Around seven in 10 Covid patients in intensive care units across hospitals in the Midlands are not vaccinated, a health boss has said.
Medical experts have said those who are not fully vaccinated against coronavirus are facing increased risks of being hospitalised.
In the Midlands, around 20% of eligible people have yet to have their booster - with only a third of under 30-year olds having taken up their booster to date.
They say it puts themselves at risk, as protection from the first two doses reduces over time and needs a top-up to provide increased protection against Omicron.
Those in-charge for public health in the Midlands have said with Covid cases increasing they are seeing more people being admitted to hospital - which continues to put "avoidable pressure" on hospitals.
Interim Regional Director of Public Health for the Midlands, Professor Mike Wade said the numbers speak for themselves.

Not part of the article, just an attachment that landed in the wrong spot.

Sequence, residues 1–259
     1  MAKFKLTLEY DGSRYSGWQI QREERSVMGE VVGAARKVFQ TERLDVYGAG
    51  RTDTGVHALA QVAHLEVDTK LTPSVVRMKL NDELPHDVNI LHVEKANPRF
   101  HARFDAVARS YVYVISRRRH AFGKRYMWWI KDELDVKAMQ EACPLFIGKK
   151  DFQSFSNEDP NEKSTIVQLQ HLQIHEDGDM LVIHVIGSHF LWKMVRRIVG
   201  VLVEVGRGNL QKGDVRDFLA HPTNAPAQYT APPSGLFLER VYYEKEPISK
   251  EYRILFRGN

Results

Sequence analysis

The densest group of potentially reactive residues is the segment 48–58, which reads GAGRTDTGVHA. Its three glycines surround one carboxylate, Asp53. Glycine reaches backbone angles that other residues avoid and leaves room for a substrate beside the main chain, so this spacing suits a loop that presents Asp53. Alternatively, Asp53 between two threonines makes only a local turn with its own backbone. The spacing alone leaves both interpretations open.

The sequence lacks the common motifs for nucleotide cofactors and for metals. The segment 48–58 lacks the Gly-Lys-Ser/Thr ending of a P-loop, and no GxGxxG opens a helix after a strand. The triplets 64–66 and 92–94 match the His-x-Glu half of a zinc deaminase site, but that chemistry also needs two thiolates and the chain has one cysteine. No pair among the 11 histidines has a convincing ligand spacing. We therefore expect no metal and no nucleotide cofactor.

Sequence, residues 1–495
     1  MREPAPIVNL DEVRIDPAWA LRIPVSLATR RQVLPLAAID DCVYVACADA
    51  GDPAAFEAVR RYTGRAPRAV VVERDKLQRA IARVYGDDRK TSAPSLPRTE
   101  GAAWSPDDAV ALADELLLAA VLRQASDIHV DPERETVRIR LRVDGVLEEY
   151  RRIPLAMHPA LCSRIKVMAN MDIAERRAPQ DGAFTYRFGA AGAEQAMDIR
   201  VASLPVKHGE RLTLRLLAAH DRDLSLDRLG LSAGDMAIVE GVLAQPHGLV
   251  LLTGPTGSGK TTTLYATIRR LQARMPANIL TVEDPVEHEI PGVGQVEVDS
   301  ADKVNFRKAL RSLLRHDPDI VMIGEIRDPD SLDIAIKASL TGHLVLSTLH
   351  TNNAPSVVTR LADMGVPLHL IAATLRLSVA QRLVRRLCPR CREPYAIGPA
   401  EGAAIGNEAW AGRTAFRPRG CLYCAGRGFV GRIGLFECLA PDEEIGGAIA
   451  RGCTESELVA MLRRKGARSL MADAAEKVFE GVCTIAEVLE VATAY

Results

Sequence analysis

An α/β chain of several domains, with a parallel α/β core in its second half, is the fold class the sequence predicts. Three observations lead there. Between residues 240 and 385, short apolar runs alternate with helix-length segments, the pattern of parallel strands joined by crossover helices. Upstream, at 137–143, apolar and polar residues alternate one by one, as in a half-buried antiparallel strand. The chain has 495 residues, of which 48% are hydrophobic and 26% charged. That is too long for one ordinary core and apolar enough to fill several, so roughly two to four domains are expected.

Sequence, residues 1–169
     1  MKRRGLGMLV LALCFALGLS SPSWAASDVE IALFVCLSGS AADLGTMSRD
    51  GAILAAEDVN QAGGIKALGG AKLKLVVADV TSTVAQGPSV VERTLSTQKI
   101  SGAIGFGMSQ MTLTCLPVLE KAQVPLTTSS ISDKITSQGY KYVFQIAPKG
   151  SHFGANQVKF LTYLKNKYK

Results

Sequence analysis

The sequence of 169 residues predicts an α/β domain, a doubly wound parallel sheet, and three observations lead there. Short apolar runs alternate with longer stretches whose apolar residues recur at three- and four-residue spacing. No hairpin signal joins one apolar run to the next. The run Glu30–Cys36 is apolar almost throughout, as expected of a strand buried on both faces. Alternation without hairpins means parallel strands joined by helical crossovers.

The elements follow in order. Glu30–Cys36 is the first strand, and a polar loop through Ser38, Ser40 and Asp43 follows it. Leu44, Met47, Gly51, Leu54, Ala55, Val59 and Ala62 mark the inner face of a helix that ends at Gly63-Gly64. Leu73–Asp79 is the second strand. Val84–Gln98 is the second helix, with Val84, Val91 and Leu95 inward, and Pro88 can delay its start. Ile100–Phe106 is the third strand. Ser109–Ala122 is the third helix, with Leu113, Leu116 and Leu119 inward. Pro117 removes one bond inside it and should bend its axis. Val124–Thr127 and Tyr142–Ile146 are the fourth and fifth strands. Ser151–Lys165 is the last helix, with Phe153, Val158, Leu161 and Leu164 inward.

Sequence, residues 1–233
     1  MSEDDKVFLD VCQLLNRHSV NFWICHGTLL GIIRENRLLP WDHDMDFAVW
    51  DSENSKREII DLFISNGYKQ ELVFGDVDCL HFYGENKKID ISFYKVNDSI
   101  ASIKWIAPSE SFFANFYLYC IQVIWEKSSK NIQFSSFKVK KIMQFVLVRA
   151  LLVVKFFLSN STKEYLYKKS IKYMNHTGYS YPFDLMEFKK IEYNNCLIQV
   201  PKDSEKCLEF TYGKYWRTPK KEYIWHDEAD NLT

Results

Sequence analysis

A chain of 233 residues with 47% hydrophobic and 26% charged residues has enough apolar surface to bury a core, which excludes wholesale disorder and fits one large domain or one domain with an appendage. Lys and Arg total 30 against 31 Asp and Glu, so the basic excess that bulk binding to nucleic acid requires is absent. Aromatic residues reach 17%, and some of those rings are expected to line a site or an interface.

He said: "We know that specific groups are putting themselves at risk by not taking up the vaccine – including men under 40 and women who are pregnant or breastfeeding.
"The vaccines are safe, and they greatly reduce the chance of getting seriously unwell, being hospitalised, or even dying, if you catch Covid-19."
In the last seven days there were 83,163 cases of Covid-19 reported in the West Midlands, with a rate of around 1,395 per 100,000.
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More than 2.65 million people in the Midlands had vaccinations in December and more than 100,000 of them were first doses.
People are being urged to get their vaccine whether it be their first or third to get the protection needed against serious illness from Covid-19.
Regional Medical Director for NHS England and NHS Improvement in the Midlands, Dr Nigel Sturrock said: “We have all read that Omicron is mild but I’m hearing from doctors in hospitals that it isn’t mild for everybody – patients who have no immunity to Covid-19 are becoming very ill indeed."